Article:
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Behold, ‘The monster has returned’

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Nigeria’s President Muhammadu Buhari (Photo by Mikhail METZEL / SPUTNIK / AFP)

I was at a quite significant event last Thursday in Ikeja, Lagos in honour of a significant journalist, Mr. Dapo Olorunyomi, who we can conveniently describe as a symbol of consistency and integrity when it comes to good journalism and the long-drawn struggle for democracy in Nigeria.

I was there not as a resource person, but to deepen my understanding as a learner and a leader writer (editorialist) at a perilous time such as this. I took some notes, I would like to share with those who do not understand the significance of General Chris Ali’s ‘thesis’ in his book I have been quoting here: ‘The Federal Republic of the Nigerian Army’.  It has been disappointing that the event speaks to a general observation in recent time that there are not many reporters who understand the history of the struggle for democracy and democratization in Nigeria anymore. The event, which ordinarily produced so many front-page scoops and several revelations didn’t make front pages as expected. The event attracted many senior journalists who have retired from reporting and writing. I mean the event has been poorly reported so far. There were so many points at issue that would have been contextually reported in those days before democratic civilization ‘kicked us in the face’ in 1999. Even the title of this article, ‘…the monster has returned’ was a context that would have been well reported as a page-one lead. There were so many other stories leads from the very remarkable resource persons who spoke clearly and boldly at the colloquium on Citizen Dapo.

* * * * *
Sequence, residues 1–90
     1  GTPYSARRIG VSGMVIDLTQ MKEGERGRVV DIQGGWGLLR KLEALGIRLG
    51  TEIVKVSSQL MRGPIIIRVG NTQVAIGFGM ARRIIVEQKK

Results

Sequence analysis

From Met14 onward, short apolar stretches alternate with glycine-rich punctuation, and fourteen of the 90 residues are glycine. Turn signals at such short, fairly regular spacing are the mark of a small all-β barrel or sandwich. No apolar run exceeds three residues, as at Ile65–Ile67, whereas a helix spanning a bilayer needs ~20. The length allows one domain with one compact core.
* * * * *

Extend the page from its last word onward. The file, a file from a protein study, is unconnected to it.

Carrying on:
The three events: The theme of the colloquium KEEPING POWER IN CHECK: A conversation on the shrinking media & civic space in Nigeria and public presentation of a book TESTIMONY TO COURAGE: Essays in Honour of Dapo Olorunyomi, which was also spiced by launch of a new feature on the PRESS ATTACK TRACKER (Asari The Bot) produced numerous subtexts, which point to the fact that we have taken the present danger to democracy for granted in the country. And we will face the consequences of our rampaging complacency sooner than later. These are the speakers: Femi Falana, (Chairman), Odia Ofeimun(keynoter), Shehu Sani, (Special Guest), Olabisi Deji-Folutile, (Former Editor, Saturday Punch),  Panellists: Richard Akinnola, Osai Ojigho, Jiti Ogunye, Yemi Adamolekun, Dr. Ogaga Ifowodo(Book Reviewer) Kunle Ajibade (Moderator) Prof. Ropo Sekoni & Hon. Idowu Obasa (Hosts).